With the Waitākere Ranges largely off-limits to hikers after a rāhui that was placed over the West Auckland bush, many tourists and Aucklanders are looking for alternative walking tracks to enjoy over the summer months.

Auckland Council has closed much of the Waitākere Ranges and parts of the Hunua Ranges to the public to help stop the spread of kauri dieback disease.

The council unanimously opted to close the forested areas in the Waitākere Ranges Regional Park before May 1 last year after mana whenua Te Kawerau a Maki imposed a rāhui in December 2017.

Luckily for those desperate for trail time, the city offers plenty of decent alternatives, meaning those track closures are not only helping to save kauri but are also an opportunity to get out there and explore new trails.


1. Shakespear Regional Park

Shakespear Regional Park. Photo / File
Shakespear Regional Park. Photo / File

Instead of heading west, head north to the stunning Shakespear Regional Park, right at the tip of the Whangaparāoa Peninsula.

According to Auckland Council, this is "New Zealand's most visited and accessible open sanctuary integrating conservation, recreation and farming".

Shakespear has a good network of trails and boasts stunning views of the harbour. It includes walking and mountain biking trails that suit all levels and abilities.

2. Riverhead Forest

Riverhead Forest. Photo / File
Riverhead Forest. Photo / File

If you're keen to stay out west, swap the bush for the forest and head to Riverhead. You can stick to the forest roads and just enjoy the silence between the tall pines or venture deeper through the trees and find the trails the locals know all about. Whatever the level of adventure you're looking for, the forest always delivers.

3. Hunua Falls

Hunua Falls. Photo / File
Hunua Falls. Photo / File

"But what about the pretty waterfalls in the Waitākeres? I wanted to go see those!"

I hear you and it sucks but we've got to give our kauri a fighting chance. In the meantime, we suggest a walk to the equally pretty and very accessible Hunua Falls, less than an hour south of the city centre.

The kauri in the Hunua area are mostly healthy but need your co-operation to stay that way so, once again, please remember to clean your boots and respect the closure of some of the tracks, using the detours in place.

4. Waiuku Forest

If beautiful tall pine trees and sand-based trails are your thing, set the GPS towards Waiuku Forest, at the mouth of the Waikato River, divided between South Auckland and western Waikato district.


This little-known forest is popular with locals for its network of gnarly trails that give anyone a good workout, rewarded with stunning scenery.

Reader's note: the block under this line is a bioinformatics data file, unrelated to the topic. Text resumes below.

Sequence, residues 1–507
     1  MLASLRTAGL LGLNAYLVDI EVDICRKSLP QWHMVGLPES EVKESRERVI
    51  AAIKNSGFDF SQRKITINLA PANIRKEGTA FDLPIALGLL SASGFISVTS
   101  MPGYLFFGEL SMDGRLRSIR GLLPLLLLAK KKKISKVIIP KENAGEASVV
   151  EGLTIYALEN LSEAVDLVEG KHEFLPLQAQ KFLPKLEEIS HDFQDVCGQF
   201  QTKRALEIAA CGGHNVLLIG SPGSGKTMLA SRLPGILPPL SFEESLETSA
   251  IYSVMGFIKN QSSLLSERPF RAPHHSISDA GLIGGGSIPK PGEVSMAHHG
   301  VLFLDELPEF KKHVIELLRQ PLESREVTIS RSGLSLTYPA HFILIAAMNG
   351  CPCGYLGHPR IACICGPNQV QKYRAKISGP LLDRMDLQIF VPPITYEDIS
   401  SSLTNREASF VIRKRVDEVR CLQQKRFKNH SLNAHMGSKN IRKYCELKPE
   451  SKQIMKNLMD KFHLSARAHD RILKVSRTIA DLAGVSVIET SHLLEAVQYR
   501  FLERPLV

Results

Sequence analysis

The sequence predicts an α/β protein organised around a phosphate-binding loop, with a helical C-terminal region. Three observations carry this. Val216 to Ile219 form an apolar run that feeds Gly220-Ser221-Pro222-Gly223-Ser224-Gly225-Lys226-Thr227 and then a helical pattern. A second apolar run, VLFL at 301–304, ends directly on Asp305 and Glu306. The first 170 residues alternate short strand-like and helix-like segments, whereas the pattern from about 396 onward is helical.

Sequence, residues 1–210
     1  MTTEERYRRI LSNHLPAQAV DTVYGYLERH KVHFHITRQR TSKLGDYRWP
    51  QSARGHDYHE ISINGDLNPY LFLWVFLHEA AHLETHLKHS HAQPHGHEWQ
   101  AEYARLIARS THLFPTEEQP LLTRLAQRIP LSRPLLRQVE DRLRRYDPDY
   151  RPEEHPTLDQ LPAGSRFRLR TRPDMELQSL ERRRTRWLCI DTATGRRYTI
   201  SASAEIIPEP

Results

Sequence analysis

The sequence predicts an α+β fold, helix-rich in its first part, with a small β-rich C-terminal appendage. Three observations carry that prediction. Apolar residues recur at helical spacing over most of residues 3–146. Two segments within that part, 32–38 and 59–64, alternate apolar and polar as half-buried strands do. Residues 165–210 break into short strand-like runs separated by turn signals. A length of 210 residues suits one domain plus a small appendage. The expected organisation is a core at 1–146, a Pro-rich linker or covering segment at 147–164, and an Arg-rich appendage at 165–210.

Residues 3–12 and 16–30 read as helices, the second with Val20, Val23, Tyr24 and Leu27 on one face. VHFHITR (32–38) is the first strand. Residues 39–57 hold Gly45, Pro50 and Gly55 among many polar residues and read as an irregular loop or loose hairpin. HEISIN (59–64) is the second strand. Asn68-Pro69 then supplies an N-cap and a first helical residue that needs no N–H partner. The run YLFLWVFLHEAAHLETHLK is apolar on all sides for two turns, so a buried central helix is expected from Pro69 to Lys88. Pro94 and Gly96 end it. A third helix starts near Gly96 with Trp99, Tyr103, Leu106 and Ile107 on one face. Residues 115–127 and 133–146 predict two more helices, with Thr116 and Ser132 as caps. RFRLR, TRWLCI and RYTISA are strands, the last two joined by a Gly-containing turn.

If you don't feel like walking or running, go horse trekking and even fishing.

5. Duder Regional Park

Duder's coastal views alone are enough to make it worth the drive (it is nearly an hour from the city centre, past Clevedon).

On the Whakakaiwhara Peninsula, it is a beautiful spot looking across the Hauraki Gulf.

Mainly on undulating grassland, the trails are not awfully technical and a lot of the park is accessible to mobility-impaired visitors, even when the ground is wet.

There are friendly farm animals hanging around and, if you're feeling adventurous, the mountain-biking farm loop is good enough to get the blood pumping.

6. Ambury Regional Park

If you haven't had enough of coastal views on your tour of other regional parks, Ambury has a lot more of those to offer as it sits neatly fronting the Manukau Harbour.

Farm animals wander around and the park is also the home for shorebirds.

Ambury has a 2.5km mountain bike route and a couple of walks, including a farm walk and a foreshore walk. Both are easy and short (1-2km), ideal for families.

7. Tāwharanui Regional Park

Looking north again, Tāwharanui Regional Park lies just past Matakana, on a remote peninsula facing Kawau Island.

It includes white sand beaches, rolling pastures and a native coastal forest as well as wetlands.

For bird-watching enthusiasts, this is the place to be as many rare native species can be spotted in the area.

During the day, you might be lucky to spot saddleback, North Island robin, bellbird, fantail, pāteke and the occasional kaka. Kiwi and morepork like to wander around in the darker hours.

There is also a large network of walking and multi-use tracks, with varied degrees of accessibility.

8. Totara Park

Totara Park is not far from downtown Auckland, right near the Manukau CBD and next to the Botanic Gardens (so there's a bonus walking idea in here if you're keen).

The 216ha park includes a network of walking tracks through the large stands of native bush and farmland.

The park also has a range of mountain bike tracks in the northeastern section.

How to help stop kauri dieback

The closure of tracks in the Waitakere Ranges is an attempt to stop the spread of kauri dieback disease. Photo / File
The closure of tracks in the Waitakere Ranges is an attempt to stop the spread of kauri dieback disease. Photo / File

Auckland Council's advice for anyone entering or leaving a forested area with native trees across the region is to:

• Scrub – clean all soil off your footwear and gear. Kauri dieback can be spread by just a pinhead of soil.
• Spray – your footwear and gear with disinfectant at every cleaning station you encounter.
• Stay – on open tracks and off kauri roots.